Eye-Opening 64 Gives Funk the Early Lead

From Associated Press

Fred Funk's play hasn't been much to look at this year, and even his 64 in the first round of the Kemper Open on Thursday had its warts. At least now he can see them better.

"I really just got frustrated with the contacts I had all the time," Funk said after his seven-under-par round in Potomac, Md., only two days past laser surgery on his eyes was good enough for the first round lead by one stroke over Chris Perry.

"I wanted to see if I could eliminate having contacts," said Funk, who has worn glasses for 15 years. "I see better now than I did with contacts."

Funk has missed the cut in five tournaments already this year but he got up and down from every bizarre corner of TPC at Avenel.

With one eye still bloodshot from the procedure that corrected his vision from 20-300 to 20-30, Funk chipped in once, holed out from a bunker another time, had a 100-foot two-putt and another two-putt from 72 feet in a scrambling round.

Mike Weir, J.L. Lewis, Tommy Armour III and Craig Parry were three strokes back at 67. Armour got into the tournament as an alternate when Tiger Woods withdrew because of a sore back.

Defending champion Justin Leonard and Masters winner Mark O'Meara were among a group of players at 68.

Woody Austin also finished at 68, but he had one of the rarest shots in golf--a double-eagle 2 on the 520-yard par-five sixth hole, sinking a one-iron from 216 yards. It was the first double eagle on the PGA Tour this year.

In a strange stretch of five holes beginning on No. 4, Funk made four birdies--only one of them in a routine manner.

He chipped in from 20 feet on No. 4, rolled in a 10-foot putt for birdie on the next hole, bounced his second shot off a tree and onto the extreme edge of the green on the par-five sixth hole and two-putted from 100 feet for a birdie, and then holed a 20-yard shot from a bunker so deep on No. 8 that his head could not be seen above the lip.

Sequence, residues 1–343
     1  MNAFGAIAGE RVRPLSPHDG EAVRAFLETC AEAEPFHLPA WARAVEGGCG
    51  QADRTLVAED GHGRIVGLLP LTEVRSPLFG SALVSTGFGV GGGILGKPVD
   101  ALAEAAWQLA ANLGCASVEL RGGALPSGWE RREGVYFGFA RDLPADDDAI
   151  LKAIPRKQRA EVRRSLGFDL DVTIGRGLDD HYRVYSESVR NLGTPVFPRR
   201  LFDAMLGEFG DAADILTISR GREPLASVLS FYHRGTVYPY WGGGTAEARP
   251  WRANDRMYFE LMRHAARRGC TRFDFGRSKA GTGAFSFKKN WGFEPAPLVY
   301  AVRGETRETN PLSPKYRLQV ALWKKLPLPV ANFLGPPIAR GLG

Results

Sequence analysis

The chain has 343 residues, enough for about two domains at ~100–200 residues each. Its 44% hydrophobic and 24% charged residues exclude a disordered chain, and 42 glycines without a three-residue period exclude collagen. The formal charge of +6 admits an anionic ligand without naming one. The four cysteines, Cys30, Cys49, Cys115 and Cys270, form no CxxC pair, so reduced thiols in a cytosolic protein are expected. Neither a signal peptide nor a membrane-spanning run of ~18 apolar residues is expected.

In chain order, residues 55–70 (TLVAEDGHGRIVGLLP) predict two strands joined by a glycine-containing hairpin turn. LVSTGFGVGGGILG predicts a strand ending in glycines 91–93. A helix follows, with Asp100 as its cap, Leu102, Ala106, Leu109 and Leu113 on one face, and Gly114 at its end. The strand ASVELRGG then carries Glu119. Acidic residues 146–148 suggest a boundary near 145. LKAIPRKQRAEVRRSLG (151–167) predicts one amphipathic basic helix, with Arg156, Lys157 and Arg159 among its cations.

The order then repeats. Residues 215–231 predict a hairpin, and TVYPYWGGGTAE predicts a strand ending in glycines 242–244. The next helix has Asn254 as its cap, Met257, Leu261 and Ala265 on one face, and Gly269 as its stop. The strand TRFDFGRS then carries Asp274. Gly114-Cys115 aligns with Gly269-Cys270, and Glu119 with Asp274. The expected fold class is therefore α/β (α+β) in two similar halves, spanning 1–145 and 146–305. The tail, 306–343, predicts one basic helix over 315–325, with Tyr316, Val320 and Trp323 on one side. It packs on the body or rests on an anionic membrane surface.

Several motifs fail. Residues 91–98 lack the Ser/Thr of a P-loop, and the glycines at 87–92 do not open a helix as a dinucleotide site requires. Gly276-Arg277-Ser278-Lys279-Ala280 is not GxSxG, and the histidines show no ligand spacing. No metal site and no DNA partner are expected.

"You don't hole bunker shots like that one on eight," Funk said, admitting that he amazed even himself. "That was kind of a magic hole for me. That was fun."

It was especially fun since Funk was born in Maryland and from 1982-88 was the golf coach at the University of Maryland. He has also never played well in the Kemper, missing the cut five of the last eight years and never finishing above 27th place.

"It's good to play well here at home," Funk said. "It's been a frustrating experience here at Avenel."

Funk said he decided on eye surgery after talking with Tom Kite, whose vision was improved from 20-500 to 20-15, and hearing that both Nick Faldo's girlfriend, Brenna Cepelak, and Faldo's caddie, Fanny Sunesson, had successful eye surgery.


Woods' physical therapist said the golfer's recent back problems shouldn't keep him out of the June 18-21 U.S. Open at the Olympic Club in San Francisco.

Keith Kleven, director of the Las Vegas Institute of Orthopaedic Sports and Dance Rehabilitation, confirmed what a spokesman for Woods said after the golfer withdrew from the Kemper Open.

"He's in doing some special kinds of exercises and they're all preventive things," Kleven told the Las Vegas Sun.

"It's all designed to keep progressing him through the program that he started several months ago."

Kleven said he has been working with Woods since the beginning of the year and has developed a program to keep the 22-year-old from developing further back problems as the result of the strain his powerful golf swing puts on his back.


Rain washed out the first round of the LPGA's Michelob Light Classic in St. Louis.

Organizers had hoped to get in at least a partial round, but by noon it was obvious that that would not happen.

The tournament was reduced to 54 holes, with the cut coming Saturday, after 36 holes have been played.


Scotland's Colin Montgomerie took the first-round lead in the English Open at Ware with an eight-under 64 on the 7,016-yard Marriott Hanbury Manor course.

Montgomerie missed tying the course record of 63 set last season by American Jay Townsend.

European tour newcomer Nicolas Joakimides of France shot a 65, with three players tied at 66: Nicolas Vanhootegem of Belgium, Stephen Leaney of Australia and Jon Robson of England.


Tim Jackson of Germantown, Tenn., a 39-year-old tax accountant who doesn't pick up a club each year until April 16, made his first trip to the famed Pinehurst No. 2 course in North Carolina a major success, winning the North and South Amateur by three shots with a 54-hole total of one-over 211.

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